Today I will be engaging my students in a discussion about sounding out a word to read the word. We have been learning the word families and now we are going to learn how to use Elkonin boxes to help us spell the words and then read the words. This is another basic skill that is necessary for my students to master before they can read and write.
My students are seated on the carpet ready for our reading lesson.
"I want to warm up your brains by doing some Phoneme Segmentation of our word families. Would you get your sounding arm ready? Remember we are going to tap our sounding arm every time we say a sound. Ready? Tell me all the sounds in man, /m/, /a/, /n/. Good."
Our district uses the DIBELS assessment for reading skills. PSF is one of the assessments. I have taught my students to use their sounding arm to touch each time they say a sound. I found my students will separate the individual sounds in a word better and faster when the motion is added to the sounds said. We review a few words and then go to our tables.
"Now that we are warmed up and can say all the sounds in a word, I want you to put a letter to the sound you are saying. I will show you on the document camera. You will all have this template of the Elkonin boxes and a pile of letters. See my template and letters? If I say the word man, what are the sounds again? /m/, /a/, /n/. What was the first sound? /m/, what letter makes that sound? Yes, the "m". So I will put the letter "m" on the first box. What is the second sound? /a/? What letter makes that sound? The letter "a". I will put the letter "a" in the second box. What is the last sound in the word man? /n/. What letter says that sound? The letter "n". I will put the letter "n" on the last box. All our boxes are filled. I will put my finger under the letters and say the sounds of the letters as my finger moves under all the boxes. Say the sounds with me. mmmmmmmaaaaaaannnnnn. Say it fast, man. What is the word? Man. That was fun! Did you see what you just did? First you spelled the word then you read the word. WOW! You are so smart. Now let's tip toe to our tables quietly and you can play the game."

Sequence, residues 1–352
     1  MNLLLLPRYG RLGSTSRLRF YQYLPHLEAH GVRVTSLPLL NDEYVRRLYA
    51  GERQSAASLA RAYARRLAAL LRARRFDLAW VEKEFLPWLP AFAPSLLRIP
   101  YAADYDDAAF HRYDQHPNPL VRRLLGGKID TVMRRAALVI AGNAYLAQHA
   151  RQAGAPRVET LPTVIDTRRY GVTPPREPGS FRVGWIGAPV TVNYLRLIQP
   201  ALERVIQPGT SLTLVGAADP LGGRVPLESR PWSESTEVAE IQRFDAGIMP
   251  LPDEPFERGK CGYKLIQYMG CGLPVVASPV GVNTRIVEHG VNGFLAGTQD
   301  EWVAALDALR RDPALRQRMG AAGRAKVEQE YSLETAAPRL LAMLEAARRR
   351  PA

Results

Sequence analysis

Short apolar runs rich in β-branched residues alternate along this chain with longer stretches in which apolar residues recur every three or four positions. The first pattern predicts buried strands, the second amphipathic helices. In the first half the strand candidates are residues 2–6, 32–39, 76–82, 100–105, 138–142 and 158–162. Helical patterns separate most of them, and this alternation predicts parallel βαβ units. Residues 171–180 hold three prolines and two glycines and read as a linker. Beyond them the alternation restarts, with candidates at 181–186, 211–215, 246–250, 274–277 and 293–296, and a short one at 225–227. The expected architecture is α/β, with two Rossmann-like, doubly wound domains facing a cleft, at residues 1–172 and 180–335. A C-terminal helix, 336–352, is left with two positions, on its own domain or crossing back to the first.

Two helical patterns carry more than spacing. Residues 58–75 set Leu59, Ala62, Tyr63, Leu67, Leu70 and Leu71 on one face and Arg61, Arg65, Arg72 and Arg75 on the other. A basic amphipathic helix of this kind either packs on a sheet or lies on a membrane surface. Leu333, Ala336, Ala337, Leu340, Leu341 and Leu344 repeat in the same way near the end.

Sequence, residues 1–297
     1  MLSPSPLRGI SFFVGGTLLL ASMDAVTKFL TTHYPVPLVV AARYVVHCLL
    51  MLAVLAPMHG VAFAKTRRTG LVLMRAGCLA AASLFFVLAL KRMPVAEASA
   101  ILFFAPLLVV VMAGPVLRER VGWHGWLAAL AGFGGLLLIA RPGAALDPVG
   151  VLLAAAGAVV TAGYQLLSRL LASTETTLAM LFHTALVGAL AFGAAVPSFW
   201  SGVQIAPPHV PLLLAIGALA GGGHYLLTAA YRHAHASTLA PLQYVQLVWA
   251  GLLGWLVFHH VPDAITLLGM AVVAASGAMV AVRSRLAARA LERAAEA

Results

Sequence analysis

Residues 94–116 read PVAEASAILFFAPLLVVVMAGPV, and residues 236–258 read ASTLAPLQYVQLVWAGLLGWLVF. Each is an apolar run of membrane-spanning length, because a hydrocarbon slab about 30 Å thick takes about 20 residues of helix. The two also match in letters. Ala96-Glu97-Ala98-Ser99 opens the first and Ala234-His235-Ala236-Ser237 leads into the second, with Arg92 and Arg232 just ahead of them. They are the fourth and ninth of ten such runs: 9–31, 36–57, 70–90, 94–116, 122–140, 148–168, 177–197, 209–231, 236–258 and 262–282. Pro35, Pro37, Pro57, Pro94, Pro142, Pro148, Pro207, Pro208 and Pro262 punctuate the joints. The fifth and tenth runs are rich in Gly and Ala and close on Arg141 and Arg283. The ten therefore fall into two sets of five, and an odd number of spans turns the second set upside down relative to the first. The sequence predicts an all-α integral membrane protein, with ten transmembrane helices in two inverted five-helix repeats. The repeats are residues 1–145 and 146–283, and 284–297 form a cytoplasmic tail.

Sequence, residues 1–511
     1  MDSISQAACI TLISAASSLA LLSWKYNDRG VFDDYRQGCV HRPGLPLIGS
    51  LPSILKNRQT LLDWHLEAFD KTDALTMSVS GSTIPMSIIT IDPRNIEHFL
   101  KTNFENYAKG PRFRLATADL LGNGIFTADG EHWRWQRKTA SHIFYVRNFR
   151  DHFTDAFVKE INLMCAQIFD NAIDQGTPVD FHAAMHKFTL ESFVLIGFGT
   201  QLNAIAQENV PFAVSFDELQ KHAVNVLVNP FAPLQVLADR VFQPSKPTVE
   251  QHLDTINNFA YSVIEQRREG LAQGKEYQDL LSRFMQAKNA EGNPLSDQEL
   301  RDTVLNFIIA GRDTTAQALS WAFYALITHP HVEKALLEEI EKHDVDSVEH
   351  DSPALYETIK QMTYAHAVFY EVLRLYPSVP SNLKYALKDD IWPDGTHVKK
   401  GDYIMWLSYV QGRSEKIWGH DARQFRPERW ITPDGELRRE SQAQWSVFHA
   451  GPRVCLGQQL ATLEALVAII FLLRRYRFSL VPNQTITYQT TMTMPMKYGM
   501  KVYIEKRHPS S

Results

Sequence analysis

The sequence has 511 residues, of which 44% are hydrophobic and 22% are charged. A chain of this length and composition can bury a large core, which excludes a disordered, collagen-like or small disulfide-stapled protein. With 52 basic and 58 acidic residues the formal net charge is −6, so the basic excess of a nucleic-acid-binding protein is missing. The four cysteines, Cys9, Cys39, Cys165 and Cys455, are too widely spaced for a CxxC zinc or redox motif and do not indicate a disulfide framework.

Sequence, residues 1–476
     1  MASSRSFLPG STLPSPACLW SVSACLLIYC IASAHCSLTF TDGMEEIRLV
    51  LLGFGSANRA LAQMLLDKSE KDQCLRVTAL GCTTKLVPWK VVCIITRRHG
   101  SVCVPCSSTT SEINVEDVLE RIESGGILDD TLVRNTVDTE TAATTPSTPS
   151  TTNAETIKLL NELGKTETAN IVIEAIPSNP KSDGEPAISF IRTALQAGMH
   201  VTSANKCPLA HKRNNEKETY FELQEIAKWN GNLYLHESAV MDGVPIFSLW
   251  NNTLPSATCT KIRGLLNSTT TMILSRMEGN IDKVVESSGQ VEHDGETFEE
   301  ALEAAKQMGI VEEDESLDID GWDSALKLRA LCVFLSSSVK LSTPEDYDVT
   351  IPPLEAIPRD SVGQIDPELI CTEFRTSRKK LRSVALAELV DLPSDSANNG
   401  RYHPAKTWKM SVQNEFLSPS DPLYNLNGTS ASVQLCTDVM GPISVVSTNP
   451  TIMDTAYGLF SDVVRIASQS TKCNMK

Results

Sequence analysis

Once my students are seated at their tables and all have their Elkonin boxes and letters I begin the lesson.
"I call this game; Pick, Place, Point & Read.
"I want you to take all your letters out of the little baggie and turn them over so you can see all the letters. Put your Elkonin boxes right in front of you. This particular set of letters reviews the at, ap & an word families. I will say a word and we will say all the sounds together. If I say the word "cat", what sound do you would hear first /c/. What letter make that sound? Yes, it is a "c". PICK the "c" and PLACE it on the first box. What is the second sound in the word, /a/. What letter makes that sound? Yes, it is an"A". PICK, the A and PLACE it on the second box. What is the third sound, /t/. What letter makes that sound? They would say, "t". PICK the T, and PLACE it on the third box. Take your reading finger and POINT and touch each letter as you READ the word. First we just bump the sounds, saying them by themselves, /c/, /a/, /t/. Slide your finger along the arrow under the boxes and stretch the sounds smoothly together. We smooth the sounds faster, what word? CAT! Yes, you just spelled the word by saying the sounds and the read the words by saying the sounds again. You are readers now!"
We repeat the process with each student using there own letters and elkonin boxes. We do as many words from the an, at & ap word family that there is time for. This first lesson takes longer to do. Each time we do it they get faster.
It is important that my students know the letter name and letter relationship in order to read and write. This activity helps them put the knowledge of letters and sounds together to help them accomplish the reading and writing. Knowing the sounds of letters helps them read the word and knowing the letter name helps them write the words. Using the Elkonin boxes are very helpful in this activity.
As an extension I have them write the word changing the game to; PICK, PLACE, POINT, READ, WRITE.
I place this in a small group reading station when I feel they can do this independantly.